Physical Therapy in the Hospital After a Stroke

Early Stroke Rehab

A cerebrovscular accident (CVA), also known as a stroke, is a significant medical event that may cause serious functional impairments. If you have had a stroke, then you understand how this can limit your ability to move around and perform your normal work and recreational activities.

Care for a stroke begins immediately in the hospital. You must be stabilized and continually assessed to ensure an optimal outcome. In the hospital, you will encounter several different healthcare professionals who will work with you and your family to help you recover to the greatest extent possible.

Physical therapy in the hospital after a stroke is essential. After a stroke, you may have difficulty moving your body normally, and your ability to walk, move in bed, or sit in a chair may be impaired. Working with a physical therapist in the hospital after a stroke can help you regain motion and improve your ability to move around safely.

Clinical Guidelines for Activities of Daily Living

Joint clinical guidelines from the American Heart Association and the American Stroke Association recommend that all individuals with stroke be provided a formal assessment of their activities of daily living (ADLs), communication abilities, and functional mobility before leaving the hospital. The findings from those assessments should be incorporated into the care transition and the discharge planning process.

Photo of a man receiving hospital PT after a stroke.
SDI Productions / Getty images

What Is a Stroke?

A stroke occurs when a portion of your brain is deprived of oxygen. This causes damage to that area of the brain, and it may result in serious problems with the way you move. There are different ways in which your brain may be deprived of blood, nutrients, and oxygen. The main types of stroke are:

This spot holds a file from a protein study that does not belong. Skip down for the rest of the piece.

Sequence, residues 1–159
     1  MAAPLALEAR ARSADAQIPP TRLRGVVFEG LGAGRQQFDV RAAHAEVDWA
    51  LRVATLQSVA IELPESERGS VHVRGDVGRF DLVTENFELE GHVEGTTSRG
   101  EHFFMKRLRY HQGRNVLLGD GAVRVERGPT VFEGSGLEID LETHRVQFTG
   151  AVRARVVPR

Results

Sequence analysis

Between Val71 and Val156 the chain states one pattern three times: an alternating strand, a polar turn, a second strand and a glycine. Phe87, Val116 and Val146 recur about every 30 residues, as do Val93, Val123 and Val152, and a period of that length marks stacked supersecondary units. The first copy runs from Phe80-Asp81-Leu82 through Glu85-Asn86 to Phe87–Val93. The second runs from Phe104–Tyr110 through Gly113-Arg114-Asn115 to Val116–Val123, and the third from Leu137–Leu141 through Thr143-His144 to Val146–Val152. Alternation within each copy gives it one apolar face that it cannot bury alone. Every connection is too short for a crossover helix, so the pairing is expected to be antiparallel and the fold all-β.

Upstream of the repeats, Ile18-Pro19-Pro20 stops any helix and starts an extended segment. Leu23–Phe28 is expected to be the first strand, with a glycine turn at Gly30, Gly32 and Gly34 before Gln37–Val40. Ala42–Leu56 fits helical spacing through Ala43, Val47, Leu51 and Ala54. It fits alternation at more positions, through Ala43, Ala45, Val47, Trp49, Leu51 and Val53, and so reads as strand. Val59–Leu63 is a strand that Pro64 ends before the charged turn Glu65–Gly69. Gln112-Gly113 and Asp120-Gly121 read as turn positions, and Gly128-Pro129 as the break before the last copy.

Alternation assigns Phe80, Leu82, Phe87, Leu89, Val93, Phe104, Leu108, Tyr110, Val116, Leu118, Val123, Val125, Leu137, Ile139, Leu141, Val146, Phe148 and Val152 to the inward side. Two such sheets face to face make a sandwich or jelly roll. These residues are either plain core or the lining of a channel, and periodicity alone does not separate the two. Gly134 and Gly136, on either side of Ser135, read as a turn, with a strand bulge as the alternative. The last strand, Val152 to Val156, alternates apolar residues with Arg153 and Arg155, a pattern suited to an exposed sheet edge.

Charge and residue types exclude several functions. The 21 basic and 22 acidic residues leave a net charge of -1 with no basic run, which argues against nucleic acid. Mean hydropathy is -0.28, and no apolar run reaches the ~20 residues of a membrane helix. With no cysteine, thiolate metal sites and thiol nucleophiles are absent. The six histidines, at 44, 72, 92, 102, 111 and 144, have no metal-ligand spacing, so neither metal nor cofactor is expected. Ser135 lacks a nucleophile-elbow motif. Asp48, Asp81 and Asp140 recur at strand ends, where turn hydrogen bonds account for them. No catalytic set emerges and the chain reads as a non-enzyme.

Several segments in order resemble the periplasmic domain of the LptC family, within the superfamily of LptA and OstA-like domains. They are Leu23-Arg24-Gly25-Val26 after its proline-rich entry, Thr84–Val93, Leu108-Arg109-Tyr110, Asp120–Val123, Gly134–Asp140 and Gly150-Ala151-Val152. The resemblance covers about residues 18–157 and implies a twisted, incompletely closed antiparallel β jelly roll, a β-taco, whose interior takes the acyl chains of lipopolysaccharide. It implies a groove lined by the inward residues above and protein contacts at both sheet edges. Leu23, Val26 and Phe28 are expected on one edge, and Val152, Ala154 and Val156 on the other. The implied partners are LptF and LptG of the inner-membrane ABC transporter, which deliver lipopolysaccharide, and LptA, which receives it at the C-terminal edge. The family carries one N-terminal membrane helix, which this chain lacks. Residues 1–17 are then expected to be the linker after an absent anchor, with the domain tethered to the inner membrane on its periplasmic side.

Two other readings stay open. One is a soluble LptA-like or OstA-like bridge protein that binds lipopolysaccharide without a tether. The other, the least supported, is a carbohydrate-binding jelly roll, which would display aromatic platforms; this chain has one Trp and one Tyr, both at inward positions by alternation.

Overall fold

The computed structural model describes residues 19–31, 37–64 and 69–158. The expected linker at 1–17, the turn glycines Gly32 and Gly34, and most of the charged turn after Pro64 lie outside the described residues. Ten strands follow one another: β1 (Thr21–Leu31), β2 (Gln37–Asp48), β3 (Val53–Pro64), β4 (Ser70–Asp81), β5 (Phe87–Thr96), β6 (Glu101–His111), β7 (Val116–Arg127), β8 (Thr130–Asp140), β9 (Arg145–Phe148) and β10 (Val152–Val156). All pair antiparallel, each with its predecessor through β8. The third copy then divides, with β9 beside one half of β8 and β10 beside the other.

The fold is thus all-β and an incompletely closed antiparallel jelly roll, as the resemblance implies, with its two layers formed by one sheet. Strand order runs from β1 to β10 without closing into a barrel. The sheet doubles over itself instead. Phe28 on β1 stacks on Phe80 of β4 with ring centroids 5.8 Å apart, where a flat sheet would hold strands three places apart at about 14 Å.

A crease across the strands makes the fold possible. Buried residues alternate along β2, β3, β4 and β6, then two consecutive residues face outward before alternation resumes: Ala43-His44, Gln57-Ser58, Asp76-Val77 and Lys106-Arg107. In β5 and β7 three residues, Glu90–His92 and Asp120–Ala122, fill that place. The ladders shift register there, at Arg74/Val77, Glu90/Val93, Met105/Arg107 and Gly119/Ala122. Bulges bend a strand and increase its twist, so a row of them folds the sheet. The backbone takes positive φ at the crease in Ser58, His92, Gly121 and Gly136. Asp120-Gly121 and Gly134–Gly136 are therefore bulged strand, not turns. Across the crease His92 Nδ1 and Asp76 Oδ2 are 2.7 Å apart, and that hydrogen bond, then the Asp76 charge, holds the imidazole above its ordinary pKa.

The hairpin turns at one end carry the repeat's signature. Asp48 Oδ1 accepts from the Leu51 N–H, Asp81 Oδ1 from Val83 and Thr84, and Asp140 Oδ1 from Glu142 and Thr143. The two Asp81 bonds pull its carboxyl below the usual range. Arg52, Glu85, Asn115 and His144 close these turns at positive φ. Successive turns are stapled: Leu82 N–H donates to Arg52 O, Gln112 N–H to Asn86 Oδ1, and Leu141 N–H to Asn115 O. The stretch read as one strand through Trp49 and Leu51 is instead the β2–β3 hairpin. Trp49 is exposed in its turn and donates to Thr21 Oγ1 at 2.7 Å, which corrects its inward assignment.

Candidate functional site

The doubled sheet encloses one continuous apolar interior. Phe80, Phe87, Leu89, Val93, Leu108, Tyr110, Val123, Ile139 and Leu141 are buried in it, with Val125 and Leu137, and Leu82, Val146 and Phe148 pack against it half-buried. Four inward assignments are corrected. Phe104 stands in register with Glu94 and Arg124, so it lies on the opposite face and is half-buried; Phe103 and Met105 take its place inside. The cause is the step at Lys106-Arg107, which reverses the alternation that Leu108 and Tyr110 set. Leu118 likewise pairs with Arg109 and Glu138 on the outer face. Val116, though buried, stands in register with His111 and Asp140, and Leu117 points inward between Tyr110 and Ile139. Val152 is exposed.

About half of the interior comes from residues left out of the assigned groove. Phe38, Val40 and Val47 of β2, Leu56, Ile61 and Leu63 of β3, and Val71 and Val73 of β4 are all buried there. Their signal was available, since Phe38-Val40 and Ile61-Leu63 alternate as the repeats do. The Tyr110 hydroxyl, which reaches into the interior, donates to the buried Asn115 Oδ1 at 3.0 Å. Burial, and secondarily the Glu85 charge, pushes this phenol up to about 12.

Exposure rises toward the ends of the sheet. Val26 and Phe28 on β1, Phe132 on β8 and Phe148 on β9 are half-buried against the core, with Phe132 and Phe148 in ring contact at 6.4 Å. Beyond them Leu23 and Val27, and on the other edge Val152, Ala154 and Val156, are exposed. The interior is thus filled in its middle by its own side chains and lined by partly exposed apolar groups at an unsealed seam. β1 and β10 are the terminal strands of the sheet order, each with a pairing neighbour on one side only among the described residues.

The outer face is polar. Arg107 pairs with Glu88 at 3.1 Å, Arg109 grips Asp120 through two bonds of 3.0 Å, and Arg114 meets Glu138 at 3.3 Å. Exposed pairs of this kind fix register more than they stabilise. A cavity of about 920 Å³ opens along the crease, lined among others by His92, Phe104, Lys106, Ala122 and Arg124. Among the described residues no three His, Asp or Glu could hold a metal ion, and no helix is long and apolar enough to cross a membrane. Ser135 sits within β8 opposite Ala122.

• Ischemic: This type of stroke occurs when a blood vessel becomes blocked, usually by a clot. This type of stroke accounts for about 87% of all strokes.
  • Hemorrhagic. This type of stroke occurs when a weakened blood vessel ruptures, causing bleeding in the brain.
  • Transient ischemic attack (TIA). This "mini stroke" occurs when a blood vessel is temporarily occluded or injured. It doesn't cause permanent injury to the brain, but can be a strong warning signal of a future stroke.

Another type of stroke is called a cryptogenic stroke. This occurs when it is unknown what has caused your stroke.

Different areas of your body may be affected by a stroke. This depends on which area of the brain is injured during the stroke. Signs and symptoms of a stroke may vary widely. Common symptoms of a stroke include:

  • Sudden onset of double vision or trouble seeing in one or both eyes
  • Sudden onset of difficulty speaking or forming words
  • Sudden onset of numbness, weakness, or spasm on one side of your face, arm, or leg.
  • Loss of coordination and balance
  • Sudden loss of walking ability
  • Severe headache

If you suspect you may have had a stroke, call 911 immediately. Time is of the essence, and getting appropriate medical care early after the onset of stroke symptoms is critical.

When you are admitted to the hospital with a suspected stroke, your physician will perform various tests and studies to determine the cause of your symptoms. You may have a clinical examination of your movements, and diagnostic tests like a magnetic resonance image (MRI) or a computed tomography (CT) scan may be taken. These can show your physician where your brain has been injured and how to best treat your stroke.